IDEAS home Printed from https://ideas.repec.org/p/tin/wpaper/20140065.html
   My bibliography  Save this paper

Crowded Trades: An Overlooked Systemic Risk for Central Clearing Counterparties

Author

Listed:
  • Albert J. Menkveld

    (VU University Amsterdam, the Netherlands)

Abstract

Counterparty default risk might hamper trade and trigger a financial crisis. The introduction of a central clearing counterparty (CCP) benefits trading but pushes systemic risk into CCP default. Standard risk management strategies at CCPs currently overlook a risk associated with crowded trades. This paper identifies it, measures it, and proposes a margin methodology that accounts for it. The application to actual CCP data illustrates that this hidden risk can become large, in particular at times of high CCP risk.

Suggested Citation

  • Albert J. Menkveld, 2014. "Crowded Trades: An Overlooked Systemic Risk for Central Clearing Counterparties," Tinbergen Institute Discussion Papers 14-065/IV/DSF75, Tinbergen Institute.
  • Handle: RePEc:tin:wpaper:20140065
    as

    Download full text from publisher

    File URL: https://papers.tinbergen.nl/14065.pdf
    Download Restriction: no

    References listed on IDEAS

    as
    1. Dimitrios Bisias & Mark Flood & Andrew W. Lo & Stavros Valavanis, 2012. "A Survey of Systemic Risk Analytics," Annual Review of Financial Economics, Annual Reviews, vol. 4(1), pages 255-296, October.
    Full references (including those not matched with items on IDEAS)

    Citations

    Citations are extracted by the CitEc Project, subscribe to its RSS feed for this item.
    as


    Cited by:

    1. Yang, Chunpeng & Zhou, Liyun, 2016. "Individual stock crowded trades, individual stock investor sentiment and excess returns," The North American Journal of Economics and Finance, Elsevier, vol. 38(C), pages 39-53.
    2. Yannick Armenti & Stéphane Crépey, 2017. "Central Clearing Valuation Adjustment," Working Papers hal-01169169, HAL.
    3. Liyun Zhou & Chunpeng Yang, 2019. "Differences in the effects of seller-initiated versus buyer-initiated crowded trades in stock markets," Journal of Economic Interaction and Coordination, Springer;Society for Economic Science with Heterogeneous Interacting Agents, vol. 14(4), pages 859-890, December.
    4. Paul Glasserman & Ciamac C. Moallemi & Kai Yuan, 2016. "Hidden Illiquidity with Multiple Central Counterparties," Operations Research, INFORMS, vol. 64(5), pages 1143-1158, October.
    5. Bruno, Salvatore & Chincarini, Ludwig B. & Ohara, Frank, 2018. "Portfolio construction and crowding," Journal of Empirical Finance, Elsevier, vol. 47(C), pages 190-206.
    6. Yannick Armenti & St'ephane Cr'epey, 2015. "Central Clearing Valuation Adjustment," Papers 1506.08595, arXiv.org, revised Feb 2017.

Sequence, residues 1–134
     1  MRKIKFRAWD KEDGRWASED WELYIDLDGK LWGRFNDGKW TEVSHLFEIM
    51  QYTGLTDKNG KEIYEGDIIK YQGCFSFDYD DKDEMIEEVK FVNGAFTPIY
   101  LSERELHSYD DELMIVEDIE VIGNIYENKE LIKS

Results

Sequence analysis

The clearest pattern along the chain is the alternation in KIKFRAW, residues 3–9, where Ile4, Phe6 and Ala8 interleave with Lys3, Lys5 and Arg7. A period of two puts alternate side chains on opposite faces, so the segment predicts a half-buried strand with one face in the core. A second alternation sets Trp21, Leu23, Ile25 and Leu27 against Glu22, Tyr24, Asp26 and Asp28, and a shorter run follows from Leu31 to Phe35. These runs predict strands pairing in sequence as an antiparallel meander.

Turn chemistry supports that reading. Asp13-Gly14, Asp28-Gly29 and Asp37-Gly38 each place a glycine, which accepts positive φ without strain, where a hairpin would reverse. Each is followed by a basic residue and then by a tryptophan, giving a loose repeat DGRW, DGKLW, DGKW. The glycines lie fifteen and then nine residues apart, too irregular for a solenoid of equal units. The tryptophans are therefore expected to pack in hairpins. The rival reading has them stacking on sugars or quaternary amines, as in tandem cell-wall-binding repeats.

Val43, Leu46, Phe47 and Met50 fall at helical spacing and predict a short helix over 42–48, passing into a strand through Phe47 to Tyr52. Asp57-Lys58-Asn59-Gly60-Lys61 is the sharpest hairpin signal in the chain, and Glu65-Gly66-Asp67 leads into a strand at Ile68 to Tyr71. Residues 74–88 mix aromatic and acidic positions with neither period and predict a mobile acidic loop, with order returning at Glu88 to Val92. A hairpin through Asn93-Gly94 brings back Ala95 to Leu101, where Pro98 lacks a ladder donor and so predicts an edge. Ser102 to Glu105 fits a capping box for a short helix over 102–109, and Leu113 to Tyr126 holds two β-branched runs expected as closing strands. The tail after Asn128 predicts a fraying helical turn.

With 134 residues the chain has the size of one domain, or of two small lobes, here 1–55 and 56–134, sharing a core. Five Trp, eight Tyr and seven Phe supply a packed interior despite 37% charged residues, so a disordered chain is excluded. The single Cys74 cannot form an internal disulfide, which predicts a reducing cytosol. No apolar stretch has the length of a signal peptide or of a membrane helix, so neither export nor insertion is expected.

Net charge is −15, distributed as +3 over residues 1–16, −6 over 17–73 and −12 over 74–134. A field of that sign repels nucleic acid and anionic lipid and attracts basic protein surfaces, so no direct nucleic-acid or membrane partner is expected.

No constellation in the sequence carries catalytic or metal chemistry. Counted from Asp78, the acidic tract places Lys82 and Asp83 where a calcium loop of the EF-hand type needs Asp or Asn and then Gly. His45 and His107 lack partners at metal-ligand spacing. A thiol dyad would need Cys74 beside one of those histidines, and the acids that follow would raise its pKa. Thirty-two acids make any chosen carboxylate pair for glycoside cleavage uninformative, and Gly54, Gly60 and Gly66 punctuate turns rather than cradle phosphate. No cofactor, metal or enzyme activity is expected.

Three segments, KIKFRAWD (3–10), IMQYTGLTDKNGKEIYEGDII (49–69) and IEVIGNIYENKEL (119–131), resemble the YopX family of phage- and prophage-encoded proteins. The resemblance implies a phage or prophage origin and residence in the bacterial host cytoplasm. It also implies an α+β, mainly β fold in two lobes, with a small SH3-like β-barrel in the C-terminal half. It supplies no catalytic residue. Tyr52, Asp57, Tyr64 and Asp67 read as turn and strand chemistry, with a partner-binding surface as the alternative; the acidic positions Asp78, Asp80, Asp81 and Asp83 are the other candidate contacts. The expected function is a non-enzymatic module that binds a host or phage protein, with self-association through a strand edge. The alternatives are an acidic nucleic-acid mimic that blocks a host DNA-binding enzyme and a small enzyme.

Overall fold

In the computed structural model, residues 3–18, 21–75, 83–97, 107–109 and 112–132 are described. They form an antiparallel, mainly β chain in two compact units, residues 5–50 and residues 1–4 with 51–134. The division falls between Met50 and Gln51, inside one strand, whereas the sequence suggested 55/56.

More about this item

    Keywords

    Financial economics;

    JEL classification:

    • G00 - Financial Economics - - General - - - General

    NEP fields

    This paper has been announced in the following NEP Reports:

    Statistics

    Access and download statistics

    Corrections

    All material on this site has been provided by the respective publishers and authors. You can help correct errors and omissions. When requesting a correction, please mention this item's handle: RePEc:tin:wpaper:20140065. See general information about how to correct material in RePEc.

    For technical questions regarding this item, or to correct its authors, title, abstract, bibliographic or download information, contact: (Tinbergen Office +31 (0)10-4088900). General contact details of provider: http://edirc.repec.org/data/tinbenl.html .

    If you have authored this item and are not yet registered with RePEc, we encourage you to do it here. This allows to link your profile to this item. It also allows you to accept potential citations to this item that we are uncertain about.

    If CitEc recognized a reference but did not link an item in RePEc to it, you can help with this form .

    If you know of missing items citing this one, you can help us creating those links by adding the relevant references in the same way as above, for each refering item. If you are a registered author of this item, you may also want to check the "citations" tab in your RePEc Author Service profile, as there may be some citations waiting for confirmation.

    Please note that corrections may take a couple of weeks to filter through the various RePEc services.

    IDEAS is a RePEc service hosted by the Research Division of the Federal Reserve Bank of St. Louis . RePEc uses bibliographic data supplied by the respective publishers.